Rep. Thomas Garrett (R-Va.), a member of the conservative Freedom Caucus, said on Monday that he is an alcoholic, and will not run for re-election in the fall because he wants to focus on his recovery. Garrett, 46, is a former state senator and Army veteran, and won his 2016 election by 16 percentage points, but he was facing a strong challenge from his Democratic opponent, journalist and author Leslie Cockburn. Last week, Politico interviewed former staffers who said Garrett and his wife, Flanna, ordered them to do personal errands for the couple, like walk their dog and bring in their groceries, which is against House ethics rules.


Verint Systems in talks to buy Israeli surveillance software maker NSO

U.S. software company Verint Systems Inc. is negotiating a possible purchase of Israeli mobile surveillance software maker NSO Group for roughly $1 billion, The Wall Street Journal reported Monday, citing a person familiar with the talks. NSO sells Pegasus spyware and other military-grade technology, primarily to government security agencies. NSO's primary shareholder, Francisco Partners, bought a majority stake in the company in 2014 for $120 million. NSO faced intense scrutiny last year after allegations surfaced that Mexico's government had used Pegasus mobile software to spy on private citizens.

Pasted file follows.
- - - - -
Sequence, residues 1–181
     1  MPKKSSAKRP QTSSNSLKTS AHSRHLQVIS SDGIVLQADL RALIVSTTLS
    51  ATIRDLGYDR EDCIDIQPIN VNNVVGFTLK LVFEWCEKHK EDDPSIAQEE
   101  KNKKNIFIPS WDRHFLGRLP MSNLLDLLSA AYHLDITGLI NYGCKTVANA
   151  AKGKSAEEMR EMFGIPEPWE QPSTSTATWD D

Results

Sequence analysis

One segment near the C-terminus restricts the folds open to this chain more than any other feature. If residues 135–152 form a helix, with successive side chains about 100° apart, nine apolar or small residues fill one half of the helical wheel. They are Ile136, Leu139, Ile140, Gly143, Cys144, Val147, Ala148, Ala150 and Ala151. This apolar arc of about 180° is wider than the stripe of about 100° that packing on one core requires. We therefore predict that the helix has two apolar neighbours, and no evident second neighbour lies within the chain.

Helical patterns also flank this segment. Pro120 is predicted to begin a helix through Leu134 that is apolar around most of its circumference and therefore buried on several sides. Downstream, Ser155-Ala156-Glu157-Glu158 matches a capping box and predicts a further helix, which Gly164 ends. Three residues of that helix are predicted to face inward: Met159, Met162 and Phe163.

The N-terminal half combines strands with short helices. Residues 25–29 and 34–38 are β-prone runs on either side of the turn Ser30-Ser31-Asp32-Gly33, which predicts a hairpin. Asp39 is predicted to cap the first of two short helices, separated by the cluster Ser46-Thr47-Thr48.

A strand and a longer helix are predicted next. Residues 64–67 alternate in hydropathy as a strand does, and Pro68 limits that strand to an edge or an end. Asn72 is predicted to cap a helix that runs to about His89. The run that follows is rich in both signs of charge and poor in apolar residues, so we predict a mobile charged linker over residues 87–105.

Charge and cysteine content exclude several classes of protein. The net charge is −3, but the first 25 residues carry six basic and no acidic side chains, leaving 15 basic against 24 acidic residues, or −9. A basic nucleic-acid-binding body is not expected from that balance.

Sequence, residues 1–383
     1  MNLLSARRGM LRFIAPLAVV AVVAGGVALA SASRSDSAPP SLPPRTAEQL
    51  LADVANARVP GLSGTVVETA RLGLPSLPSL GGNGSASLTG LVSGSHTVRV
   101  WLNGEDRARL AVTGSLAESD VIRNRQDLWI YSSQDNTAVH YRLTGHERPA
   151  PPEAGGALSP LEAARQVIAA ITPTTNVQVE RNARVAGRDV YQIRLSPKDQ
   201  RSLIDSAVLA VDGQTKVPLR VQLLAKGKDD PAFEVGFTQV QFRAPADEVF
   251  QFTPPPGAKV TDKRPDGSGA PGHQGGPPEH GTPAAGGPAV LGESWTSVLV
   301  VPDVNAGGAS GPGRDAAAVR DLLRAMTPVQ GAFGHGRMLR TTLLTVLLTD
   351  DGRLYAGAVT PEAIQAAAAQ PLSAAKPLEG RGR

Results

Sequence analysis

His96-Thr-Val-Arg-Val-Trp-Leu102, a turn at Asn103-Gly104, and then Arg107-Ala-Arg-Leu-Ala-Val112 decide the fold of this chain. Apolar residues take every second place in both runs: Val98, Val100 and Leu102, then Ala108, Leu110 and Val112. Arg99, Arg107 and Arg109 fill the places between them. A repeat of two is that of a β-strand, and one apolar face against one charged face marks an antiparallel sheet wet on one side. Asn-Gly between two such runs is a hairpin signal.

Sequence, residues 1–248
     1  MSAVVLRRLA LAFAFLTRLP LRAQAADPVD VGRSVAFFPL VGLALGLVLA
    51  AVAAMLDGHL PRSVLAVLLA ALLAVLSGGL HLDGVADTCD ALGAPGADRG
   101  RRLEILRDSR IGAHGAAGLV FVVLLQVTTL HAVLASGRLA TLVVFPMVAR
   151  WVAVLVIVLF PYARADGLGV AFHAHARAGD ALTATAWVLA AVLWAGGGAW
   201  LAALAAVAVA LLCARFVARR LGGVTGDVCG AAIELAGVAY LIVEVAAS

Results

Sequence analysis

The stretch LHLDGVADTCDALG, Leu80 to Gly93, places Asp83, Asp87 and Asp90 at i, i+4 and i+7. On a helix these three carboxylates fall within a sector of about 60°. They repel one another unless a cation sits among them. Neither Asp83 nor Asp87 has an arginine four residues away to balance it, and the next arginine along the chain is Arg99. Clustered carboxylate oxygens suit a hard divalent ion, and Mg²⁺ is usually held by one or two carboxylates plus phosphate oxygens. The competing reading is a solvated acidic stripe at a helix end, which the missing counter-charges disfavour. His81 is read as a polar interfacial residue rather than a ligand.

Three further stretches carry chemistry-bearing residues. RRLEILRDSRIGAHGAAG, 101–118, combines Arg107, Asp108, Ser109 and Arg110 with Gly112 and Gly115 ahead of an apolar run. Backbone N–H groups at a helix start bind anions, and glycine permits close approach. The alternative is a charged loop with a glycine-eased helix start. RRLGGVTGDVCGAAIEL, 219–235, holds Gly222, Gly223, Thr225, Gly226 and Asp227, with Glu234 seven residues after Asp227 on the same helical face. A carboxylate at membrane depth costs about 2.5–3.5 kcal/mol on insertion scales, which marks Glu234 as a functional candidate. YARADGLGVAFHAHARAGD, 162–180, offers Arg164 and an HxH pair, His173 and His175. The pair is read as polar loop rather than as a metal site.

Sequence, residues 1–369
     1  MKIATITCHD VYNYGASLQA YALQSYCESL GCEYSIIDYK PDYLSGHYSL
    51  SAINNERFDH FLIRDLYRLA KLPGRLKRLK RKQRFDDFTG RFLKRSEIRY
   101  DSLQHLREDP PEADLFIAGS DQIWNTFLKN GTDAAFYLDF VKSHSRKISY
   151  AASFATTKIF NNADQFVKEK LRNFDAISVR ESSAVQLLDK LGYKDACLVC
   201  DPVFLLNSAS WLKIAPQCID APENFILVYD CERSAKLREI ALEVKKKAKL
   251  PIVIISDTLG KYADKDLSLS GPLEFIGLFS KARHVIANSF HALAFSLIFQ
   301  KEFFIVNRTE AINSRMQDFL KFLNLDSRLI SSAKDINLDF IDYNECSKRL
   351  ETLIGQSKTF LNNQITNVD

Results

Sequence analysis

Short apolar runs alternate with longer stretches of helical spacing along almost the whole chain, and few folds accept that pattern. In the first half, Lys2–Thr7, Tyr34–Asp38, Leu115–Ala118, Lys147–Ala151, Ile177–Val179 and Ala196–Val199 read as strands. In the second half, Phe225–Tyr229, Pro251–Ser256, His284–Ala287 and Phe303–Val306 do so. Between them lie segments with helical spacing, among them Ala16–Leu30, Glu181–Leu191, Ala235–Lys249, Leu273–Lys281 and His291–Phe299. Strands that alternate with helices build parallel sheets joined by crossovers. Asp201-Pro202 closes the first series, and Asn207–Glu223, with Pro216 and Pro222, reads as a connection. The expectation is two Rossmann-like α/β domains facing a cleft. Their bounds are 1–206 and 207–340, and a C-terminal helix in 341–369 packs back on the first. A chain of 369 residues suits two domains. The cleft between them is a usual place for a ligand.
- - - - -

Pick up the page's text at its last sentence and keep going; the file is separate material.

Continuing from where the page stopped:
Warriors beat Rockets, advance to fourth straight NBA Finals against Cavs

The Golden State Warriors beat the Houston Rockets 101-92 in Game 7 of the NBA Western Conference finals Monday night, setting up the fourth straight NBA Finals matchup with LeBron James and the Cleveland Cavaliers. Kevin Durant led the Warriors with 34 points, and Stephen Curry scored 14 of his 27 points in the third quarter, when the Warriors pulled ahead as Houston's scoring faltered. Game 1 of the finals is on Thursday night. The Cavs and Warriors have swapped championships in the last three NBA Finals, with Golden State winning in 2015 and 2017 and Cleveland in 2016. The Cavaliers made the finals with a Game 7 win over Boston on Sunday, putting LeBron James in the finals for the eighth straight year.